Day 2 - Palm Springs to Blythe

Whew! It was a scorcher out there today folks! With the temperature soaring to a incredible 105 degrees, my camelback water pouch quickly became my new best friend during our ride today. If it weren't for the incredible vigilance of the support crew, I doubt I would have made it 20 miles in today's intense weather, much less the 134 we had to tackle today. 

On a quick personal note, yesterday was the furthest I have ever ridden in my life at 122 miles. Today, I just beat my own personal record by 12 miles, and trust me I felt every single one of them in my legs. 

This is the last thing you want to see in 105 degree heat. 

This is the last thing you want to see in 105 degree heat. 

We tried our best to get a jump on the day to beat the heat leaving around 7:30. This is roughly around the same time as yesterday, but without the ceremonial dipping of the rear wheels we had more time to eat up some miles before the temperature started to climb. 

And climb it did! 

The early morning was cool and breezy as we rode through Palm Springs, a beautiful city nestled in the heart of the desert with mountains visible on the horizon anywhere you turned. The crisp manicured lawns and gentle hiss of sprinkler systems did little to drown out the murmured conversations of my fellow bikers as they nervously exchanged weather reports and temperaturepredictions with grim determination and just a little bit of apprehension. I won't lie I shared their concerns. Never before in my life have I experienced heat like this. It's like the moisture is being sucked out through every pore in my body! I was constantly reapplying chap stick and sunscreen to ward off the beating rays of glaring California sun, not to mention guzzling water like a fish. 

Nothing but hills and brush out in the desert

Nothing but hills and brush out in the desert

What happened to those cool ocean breezes in Costa Mesa, I kept asking myself. Its hard to believe that two places in the same state could be so vastly different in terms of climate. But that's what this trip is all about, discovering first hand the diversity of this great country of ours, even if sometimes you feel like hitching a ride to the next town if only you could get out of the heat.  

By noon the temperature had climbed to 95 degrees, with little signs of letting up the pressure. As we struggled under the weight of the desert sky, the only thing we could do was to keep drinking and try and bear it as we crawled through rising desert canyons and gentle hills. Thank goodness that today was a relatively flat ride, other wise I may have been a choice meal for the buzzards.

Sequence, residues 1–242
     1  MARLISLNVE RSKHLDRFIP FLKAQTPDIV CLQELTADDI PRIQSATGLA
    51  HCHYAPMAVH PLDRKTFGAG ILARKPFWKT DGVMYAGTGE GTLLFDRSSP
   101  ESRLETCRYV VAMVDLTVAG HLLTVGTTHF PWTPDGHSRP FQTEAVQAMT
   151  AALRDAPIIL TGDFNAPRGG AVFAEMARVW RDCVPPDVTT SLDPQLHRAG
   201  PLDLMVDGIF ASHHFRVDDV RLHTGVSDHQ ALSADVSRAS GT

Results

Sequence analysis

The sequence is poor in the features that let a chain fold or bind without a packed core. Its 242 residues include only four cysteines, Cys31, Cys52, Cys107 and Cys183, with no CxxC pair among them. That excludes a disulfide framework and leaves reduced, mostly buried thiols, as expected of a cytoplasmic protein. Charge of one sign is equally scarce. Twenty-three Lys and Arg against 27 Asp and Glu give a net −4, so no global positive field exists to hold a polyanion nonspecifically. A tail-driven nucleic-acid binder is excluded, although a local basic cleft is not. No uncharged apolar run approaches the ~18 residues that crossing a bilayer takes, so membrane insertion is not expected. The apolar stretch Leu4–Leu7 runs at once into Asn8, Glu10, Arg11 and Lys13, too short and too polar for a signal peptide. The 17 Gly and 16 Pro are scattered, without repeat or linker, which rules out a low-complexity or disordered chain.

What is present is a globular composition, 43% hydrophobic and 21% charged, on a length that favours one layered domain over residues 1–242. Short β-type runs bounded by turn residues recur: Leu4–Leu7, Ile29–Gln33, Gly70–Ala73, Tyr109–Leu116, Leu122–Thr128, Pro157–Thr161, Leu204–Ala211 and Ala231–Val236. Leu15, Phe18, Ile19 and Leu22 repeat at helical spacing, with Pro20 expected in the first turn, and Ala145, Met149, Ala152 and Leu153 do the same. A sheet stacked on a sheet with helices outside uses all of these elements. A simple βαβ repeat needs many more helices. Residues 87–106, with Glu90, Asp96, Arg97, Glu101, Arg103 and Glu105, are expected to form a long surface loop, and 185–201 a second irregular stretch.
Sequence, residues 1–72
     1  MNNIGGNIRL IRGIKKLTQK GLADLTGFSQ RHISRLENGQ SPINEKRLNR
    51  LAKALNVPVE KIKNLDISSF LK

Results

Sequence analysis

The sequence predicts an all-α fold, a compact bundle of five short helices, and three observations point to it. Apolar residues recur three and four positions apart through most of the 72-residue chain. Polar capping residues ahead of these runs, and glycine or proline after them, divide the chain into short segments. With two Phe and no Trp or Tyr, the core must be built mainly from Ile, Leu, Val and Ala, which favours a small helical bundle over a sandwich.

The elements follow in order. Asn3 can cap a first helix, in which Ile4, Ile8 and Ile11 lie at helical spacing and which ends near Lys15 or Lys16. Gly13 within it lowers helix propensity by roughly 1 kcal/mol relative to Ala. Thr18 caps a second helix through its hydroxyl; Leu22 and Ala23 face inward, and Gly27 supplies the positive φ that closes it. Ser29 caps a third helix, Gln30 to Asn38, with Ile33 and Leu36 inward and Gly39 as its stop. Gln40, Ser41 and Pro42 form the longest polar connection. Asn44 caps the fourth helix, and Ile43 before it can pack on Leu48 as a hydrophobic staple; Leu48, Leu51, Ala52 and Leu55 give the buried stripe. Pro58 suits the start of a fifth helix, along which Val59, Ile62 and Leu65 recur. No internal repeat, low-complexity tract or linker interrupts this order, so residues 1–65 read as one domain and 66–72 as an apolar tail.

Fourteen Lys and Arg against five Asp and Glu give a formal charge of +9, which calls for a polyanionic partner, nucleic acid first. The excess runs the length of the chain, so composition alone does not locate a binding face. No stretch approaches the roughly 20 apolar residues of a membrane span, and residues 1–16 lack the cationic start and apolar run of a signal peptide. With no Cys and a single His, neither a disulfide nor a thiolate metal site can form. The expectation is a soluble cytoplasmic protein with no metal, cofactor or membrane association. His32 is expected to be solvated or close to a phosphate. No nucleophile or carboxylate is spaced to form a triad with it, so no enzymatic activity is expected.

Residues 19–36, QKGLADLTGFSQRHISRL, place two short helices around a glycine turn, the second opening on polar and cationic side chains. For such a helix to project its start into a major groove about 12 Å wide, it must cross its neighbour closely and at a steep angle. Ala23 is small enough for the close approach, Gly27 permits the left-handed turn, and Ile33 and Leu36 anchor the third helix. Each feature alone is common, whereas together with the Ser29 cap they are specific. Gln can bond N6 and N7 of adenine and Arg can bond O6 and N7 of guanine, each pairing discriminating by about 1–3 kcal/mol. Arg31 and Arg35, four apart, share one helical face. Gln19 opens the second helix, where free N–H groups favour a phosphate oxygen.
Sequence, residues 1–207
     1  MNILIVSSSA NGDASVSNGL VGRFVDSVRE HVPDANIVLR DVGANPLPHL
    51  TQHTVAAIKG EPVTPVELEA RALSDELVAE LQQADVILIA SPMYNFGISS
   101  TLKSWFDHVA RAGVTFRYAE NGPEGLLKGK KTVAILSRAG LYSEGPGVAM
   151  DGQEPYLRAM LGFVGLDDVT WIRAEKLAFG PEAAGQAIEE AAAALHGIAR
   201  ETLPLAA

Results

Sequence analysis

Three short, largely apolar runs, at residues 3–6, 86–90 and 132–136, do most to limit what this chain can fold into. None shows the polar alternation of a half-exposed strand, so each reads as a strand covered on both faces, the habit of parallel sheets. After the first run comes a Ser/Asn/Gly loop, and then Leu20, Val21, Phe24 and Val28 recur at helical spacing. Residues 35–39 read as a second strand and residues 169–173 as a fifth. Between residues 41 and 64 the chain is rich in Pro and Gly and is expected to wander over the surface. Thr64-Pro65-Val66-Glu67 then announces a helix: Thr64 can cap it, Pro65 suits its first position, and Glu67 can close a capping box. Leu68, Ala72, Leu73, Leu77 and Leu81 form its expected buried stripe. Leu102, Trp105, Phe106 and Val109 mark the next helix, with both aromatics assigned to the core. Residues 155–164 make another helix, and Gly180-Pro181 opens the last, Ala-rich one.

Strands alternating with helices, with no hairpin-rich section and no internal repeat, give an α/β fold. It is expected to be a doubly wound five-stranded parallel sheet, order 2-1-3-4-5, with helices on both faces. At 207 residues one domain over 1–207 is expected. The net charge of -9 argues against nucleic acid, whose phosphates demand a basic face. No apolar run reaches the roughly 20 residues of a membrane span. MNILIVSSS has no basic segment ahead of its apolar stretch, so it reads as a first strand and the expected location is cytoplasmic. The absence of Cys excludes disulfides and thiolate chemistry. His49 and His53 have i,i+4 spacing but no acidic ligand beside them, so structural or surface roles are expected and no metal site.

I can honestly say I've never drank so much water in my entire life. On today's ride we had 3 designated stops to refuel with much needed food as well as an opportunity to refill our water bottles with precious water. My camel back is designed to hold 70 ounces of water at a time and comes with a cool insulator to keep its contents cold for longer periods of time. Combine that with my two regular water bottles at 24 ounces each and I felt a little like a water cooler in motion. 

But despite these preparations, each time we reached the next stop I found that I was always down to about 1/3 of my last water bottle. Not to mention the impromptu pit stops that had to be made as we flagged down the support van for additional water between refilling stations. Like I said if it weren't for the vigilance of the support crew this would be a very different story indeed. Yet despite all of their efforts, I still felt dehydrated by the end of the ride, with a throbbing headache and some sun-burnt calves to show off to the rest of the guys. Tomorrow I am happy to report that although we will be working once again through the same heat, we will be traveling a little less than today, but with a serious of climbs. If memory serves correct I believe we are looking at an increase of about 7,000 feet in elevation. 

More to come tomorrow as we say goodbye to the Golden State and say hello to Arizona.

Danielle Rivenbark